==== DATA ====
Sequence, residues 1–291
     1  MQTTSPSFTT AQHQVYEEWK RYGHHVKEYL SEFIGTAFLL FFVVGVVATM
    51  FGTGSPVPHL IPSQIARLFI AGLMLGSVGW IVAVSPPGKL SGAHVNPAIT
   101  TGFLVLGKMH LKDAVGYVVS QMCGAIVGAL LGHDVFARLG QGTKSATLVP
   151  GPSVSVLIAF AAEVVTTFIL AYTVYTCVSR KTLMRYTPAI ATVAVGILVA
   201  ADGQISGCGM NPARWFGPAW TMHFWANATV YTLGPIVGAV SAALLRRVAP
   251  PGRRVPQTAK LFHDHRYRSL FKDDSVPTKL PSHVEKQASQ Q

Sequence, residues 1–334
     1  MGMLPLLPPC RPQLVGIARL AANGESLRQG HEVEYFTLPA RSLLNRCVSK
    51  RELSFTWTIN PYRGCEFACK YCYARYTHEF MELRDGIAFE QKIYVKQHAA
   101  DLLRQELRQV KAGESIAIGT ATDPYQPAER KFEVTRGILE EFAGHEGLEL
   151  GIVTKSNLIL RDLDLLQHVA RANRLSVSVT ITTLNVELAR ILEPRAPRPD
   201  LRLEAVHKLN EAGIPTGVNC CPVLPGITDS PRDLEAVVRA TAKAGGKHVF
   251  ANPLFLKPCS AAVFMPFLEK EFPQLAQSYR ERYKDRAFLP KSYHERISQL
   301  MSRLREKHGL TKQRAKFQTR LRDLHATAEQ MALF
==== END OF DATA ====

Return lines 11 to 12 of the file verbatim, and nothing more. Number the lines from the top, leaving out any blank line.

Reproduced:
   101  DLLRQELRQV KAGESIAIGT ATDPYQPAER KFEVTRGILE EFAGHEGLEL
   151  GIVTKSNLIL RDLDLLQHVA RANRLSVSVT ITTLNVELAR ILEPRAPRPD